Equally Does Not Always Look the Same

Equally Does Not Always Look the Same

I have two daughters.  They are 31 months apart.  My oldest just turned 15. Now that she’s a freshman in high school, and 15, I feel that she’s old enough to have certain privileges.Sometimes you have to have different parenting style for different kids

For most of their lives, their father and I have treated them the same.  Same bedtime, same curfew, same bedtime, same chores, same laptops, iPods and cell phones.  In fact, they even wear a lot of the same clothes.  They both got their ears pierced for their first birthday, they couldn’t shave their legs until they were ten, and make up is not allowed outside the house until they are 13 (15 at their dad’s house).

Meredith (her friends call her Murri) is now a freshman in high school and I feel that there is a significant difference between 15 and 12 and that difference should be respected with giving her a little more freedom, and also more responsibility.

Her 12-year-old sister does not agree.  In fact she has complained continuously that it’s totally unfair and that I’m the meanest mom ever.  (Which is a sure sign I’m doing something right).   So now I’m faced with the dilemma of

How do you explain that even though it’s not the same, it’s still fair?

The basic rules of the house are still the same, the expectations are still the same, I love them both equally, but I love them differently.  The saying is “Life isn’t always fair” but I wonder, is it possible it is fair, just not always the same for everyone?

Now that Meredith is 15, she will be allowed to go out with her friends more often.  She will be allowed to go to movies with her friends, without me.  She will be given more freedom and responsibility.  And Megan will be left at home to pout and stomp, roll her eyes and slam her door.  Believe me; giving Meredith more freedom is not going to be any kind of picnic for me.

I’m not sure Megan understands that this freedom will cost Meredith some money to go running with her friends and Mom is not spelled A-T-M so Mere is going to have to find a way to earn some dough.  Truth be told, I’m not sure Meredith realizes that yet either.  Oh life is but a rude awakening.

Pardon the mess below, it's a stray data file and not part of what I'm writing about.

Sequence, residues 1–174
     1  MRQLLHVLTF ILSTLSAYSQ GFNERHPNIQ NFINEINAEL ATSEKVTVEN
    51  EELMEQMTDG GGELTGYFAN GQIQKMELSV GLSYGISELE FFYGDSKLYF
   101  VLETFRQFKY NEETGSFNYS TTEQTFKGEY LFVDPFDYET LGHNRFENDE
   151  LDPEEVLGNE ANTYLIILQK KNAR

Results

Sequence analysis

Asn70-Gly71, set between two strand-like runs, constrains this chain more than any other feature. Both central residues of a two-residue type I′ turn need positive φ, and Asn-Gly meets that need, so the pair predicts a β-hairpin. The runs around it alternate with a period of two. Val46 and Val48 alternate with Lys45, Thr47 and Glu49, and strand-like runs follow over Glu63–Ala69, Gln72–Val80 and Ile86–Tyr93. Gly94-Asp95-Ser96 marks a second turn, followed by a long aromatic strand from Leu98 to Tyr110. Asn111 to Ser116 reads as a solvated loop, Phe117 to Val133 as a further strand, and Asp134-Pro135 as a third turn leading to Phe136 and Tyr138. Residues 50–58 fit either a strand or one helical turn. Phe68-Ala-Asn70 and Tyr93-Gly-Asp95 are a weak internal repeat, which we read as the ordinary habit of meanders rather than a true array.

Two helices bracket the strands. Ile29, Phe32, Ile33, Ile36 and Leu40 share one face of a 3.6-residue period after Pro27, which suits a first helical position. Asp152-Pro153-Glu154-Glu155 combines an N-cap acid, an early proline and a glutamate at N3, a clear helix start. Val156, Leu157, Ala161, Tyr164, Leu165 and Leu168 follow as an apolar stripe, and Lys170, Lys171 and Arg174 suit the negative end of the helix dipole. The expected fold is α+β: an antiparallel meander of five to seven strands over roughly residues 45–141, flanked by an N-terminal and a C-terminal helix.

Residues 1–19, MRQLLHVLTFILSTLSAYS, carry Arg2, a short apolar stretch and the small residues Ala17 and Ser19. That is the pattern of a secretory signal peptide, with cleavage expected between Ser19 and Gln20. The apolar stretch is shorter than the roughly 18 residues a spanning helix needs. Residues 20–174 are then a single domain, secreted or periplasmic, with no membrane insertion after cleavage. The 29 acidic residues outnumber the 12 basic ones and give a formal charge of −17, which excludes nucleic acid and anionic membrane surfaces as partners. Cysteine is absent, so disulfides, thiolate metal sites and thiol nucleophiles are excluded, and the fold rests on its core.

It’s only going to get worse before it gets better.  Next year, when Meredith turns 16 and starts driving, Megan will only be 13 and still stuck at home with mom.  (Oh the horror). I wonder if she realizes yet that when Meredith is 18 and gone to college, Megan will only be 15 and still stuck at home with Mom.  I’m sure when she realizes that, her head will explode.

This is just the beginning of “Yes it is fair, it’s just not the same” battles we will have. I have to remind Megan, that yes Meredith is older, but once Megan reaches that age she will get the same treatment, the same privileges, the same responsibilities.

And yet, that concept is hard for her to grasp, even at 12.  All she sees is “Life’s Not Fair!”

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Ten to Twenty Parenting was created as an honest resource for those of us parenting kids between the ages of 10 and 20. Our needs are so different and the issues much more complex than diaper rashes and playground tantrums.

Ten to Twenty

Ten to Twenty Parenting was created as an honest resource for those of us parenting kids between the ages of 10 and 20. Our needs are so different and the issues much more complex than diaper rashes and playground tantrums.

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